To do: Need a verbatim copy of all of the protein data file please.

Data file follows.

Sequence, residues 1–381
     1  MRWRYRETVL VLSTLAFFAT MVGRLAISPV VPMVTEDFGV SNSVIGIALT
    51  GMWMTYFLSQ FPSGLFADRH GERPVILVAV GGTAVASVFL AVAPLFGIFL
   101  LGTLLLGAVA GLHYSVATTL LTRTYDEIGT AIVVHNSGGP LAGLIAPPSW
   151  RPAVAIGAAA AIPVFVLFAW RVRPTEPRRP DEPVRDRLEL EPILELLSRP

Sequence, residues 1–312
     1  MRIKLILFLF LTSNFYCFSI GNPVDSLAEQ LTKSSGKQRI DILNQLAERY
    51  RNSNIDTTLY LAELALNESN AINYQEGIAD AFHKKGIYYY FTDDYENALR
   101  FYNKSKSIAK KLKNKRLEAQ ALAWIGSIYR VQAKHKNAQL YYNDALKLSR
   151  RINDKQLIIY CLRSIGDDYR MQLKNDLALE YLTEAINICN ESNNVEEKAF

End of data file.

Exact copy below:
Sequence, residues 1–381
     1  MRWRYRETVL VLSTLAFFAT MVGRLAISPV VPMVTEDFGV SNSVIGIALT
    51  GMWMTYFLSQ FPSGLFADRH GERPVILVAV GGTAVASVFL AVAPLFGIFL
   101  LGTLLLGAVA GLHYSVATTL LTRTYDEIGT AIVVHNSGGP LAGLIAPPSW
   151  RPAVAIGAAA AIPVFVLFAW RVRPTEPRRP DEPVRDRLEL EPILELLSRP

Sequence, residues 1–312
     1  MRIKLILFLF LTSNFYCFSI GNPVDSLAEQ LTKSSGKQRI DILNQLAERY
    51  RNSNIDTTLY LAELALNESN AINYQEGIAD AFHKKGIYYY FTDDYENALR
   101  FYNKSKSIAK KLKNKRLEAQ ALAWIGSIYR VQAKHKNAQL YYNDALKLSR
   151  RINDKQLIIY CLRSIGDDYR MQLKNDLALE YLTEAINICN ESNNVEEKAF